James Valcq

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James Valcq (born 1963 in Milwaukee, Wisconsin) is an American musical theatre composer, lyricist, & librettist, as well as an actor and arts administrator.

Biography[edit]

Valcq is among the “new guard” of theatre composers championed by Playwrights Horizons and Ira Weitzman, who co-produced the 2001 Off-Broadway production of The Spitfire Grill for which Valcq composed the score and collaborated on the book with lyricist Fred Alley. The musical won the Richard Rodgers Production Award [1] presented by the American Academy of Arts and Letters. Stephen Sondheim chairs the committee that chose the The Spitfire Grill as the winner. The remainder of the group comprised Lynn Ahrens, Jack Beeson, John Guare, Sheldon Harnick, R. W. B. Lewis, Richard Maltby, Jr., and Robert Ward. The Spitfire Grill also received Best Musical nominations from the Outer Critics Circle and Drama League, as well as two Drama Desk nominations. The cast album was released on Triangle Road Records.

Also Off-Broadway, Valcq wrote the book, music, and lyrics for Zombies from The Beyond, which opened to great critical acclaim in 1995. He also co-directed the production. The cast album was released by Original Cast Records. Both The Spitfire Grill and Zombies from The Beyond have become staples in regional theatres, particularly The Spitfire Grill, one of the most frequently performed recent musicals with nearly 500 productions to date, not only in every major American city but in Canada, Germany, South Korea, Australia, Japan, and Singapore as well. The Spitfire Grill had its UK premiere at the 2008 Edinburgh Festival Fringe in a production by the Royal Scottish Academy of Music and Drama.

Other New York credits include Fallout Follies at the York Theatre, Songs I Never Sang For My Father at the Village Theatre, and The Last Leaf, a collaboration with Tony-nominee Mary Bracken Phillips. Regionally, Valcq composed an adaptation of the classic children’s book The Pancake King commissioned by Milwaukee’s Next Act Theatre, and The Passage (another collaboration with Fred Alley) at American Folklore Theatre in Wisconsin.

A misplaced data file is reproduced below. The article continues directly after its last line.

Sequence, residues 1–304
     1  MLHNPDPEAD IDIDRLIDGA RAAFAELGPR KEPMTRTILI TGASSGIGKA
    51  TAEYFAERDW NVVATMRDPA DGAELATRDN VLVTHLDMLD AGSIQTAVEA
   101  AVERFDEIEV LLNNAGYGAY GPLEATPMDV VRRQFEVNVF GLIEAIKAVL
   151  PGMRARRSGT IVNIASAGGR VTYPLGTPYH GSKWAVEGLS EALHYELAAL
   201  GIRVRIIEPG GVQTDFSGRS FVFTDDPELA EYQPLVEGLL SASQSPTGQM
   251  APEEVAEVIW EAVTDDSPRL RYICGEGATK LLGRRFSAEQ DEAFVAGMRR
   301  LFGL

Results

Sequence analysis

His music is often cited as being particularly melodic, strikingly rhythmic, and possessing harmonic and structural subtleties that reveal the composer’s classical training without affecting the accessibility of his material. Also of particular note is that the instruments in Valcq’s orchestrations often seem to become characters in the story.

In addition to orchestrating his own music (a rarity in the theatre), he has created orchestrations of classic musicals for many regional theatres and opera companies. Valcq is also a conductor and musician with Broadway credits including Chicago, Flower Drum Song, Scarlet Pimpernel, and Cabaret.

He holds an MFA from NYU’s Musical Theatre Writing Program and a BFA (on full scholarship) from the University of Wisconsin–Madison. Valcq began his professional career as a boy soprano singing in Alban Berg's Wozzeck with the Skylight Comic Opera and Amahl and the Night Visitors several times with the Milwaukee Opera Company. For the Milwaukee Symphony Orchestra, he sang George Crumb's Ancient Voices of Children under conductor Arthur Weisberg and under Kenneth Schermerhorn for Pro Musica Nova. He also played roles in summer stock, appearing with John Raitt, Karen Morrow, Margaret Whiting, and Dave Madden in various productions. At age 19, he won First Place in the Student Auditions of the National Association of Teachers of Singing. He performed Morton Gould's Hoofer Suite (a ten-minute solo for tap dancer and orchestra) with the Milwaukee Symphony Orchestra under the baton of JoAnn Falletta. Valcq began composing while still in college, and although he graduated with an applied voice degree, by this time he had abandoned performing to concentrate on composing and conducting. In addition to musicals, Valcq has composed song cycles and choral pieces which have been performed in the U.S. and Europe.

In 2007 Valcq returned to acting, playing Cosme McMoon in Souvenir at Boise Contemporary Theater, a role he has also played at American Stage Theatre and Stage Door Theatre Co. Additional credits include Feste in Twelfth Night and the Friar in Much Ado About Nothing at Door Shakespeare, Ernie in Guys on Ice at Milwaukee Repertory Theater, and Pierre in How I Became a Pirate at First Stage.

In October 2011 Valcq became co-Artistic Director of Third Avenue Playhouse in Sturgeon Bay, Wisconsin and, with co-Artistic Director Robert Boles, founded the Stage Door Theatre Company, where he's directed productions of The Glass Menagerie, Almost, Maine, and The 39 Steps.

Recent compositions include the musicals Victory Farm (book and lyrics by Emilie Coulson & Katie Dahl) at American Folklore Theatre and Anatole (book and lyrics by Lee Becker & John Maclay), premiering at First Stage.

References[edit]

  1. The New York Times, July 28, 2002
  2. The Wall Street Journal, October 3, 2001
  3. The Chicago Tribune, November 22, 2002
  4. Playbill September 2001, Volume 117, Number 9
  5. Playwrights Horizons Mainstage Bulletin, Fall, 2001
  6. The Miwaukee Journal-Sentinel, September 14, 2002
  7. Ibid., November 21, 2006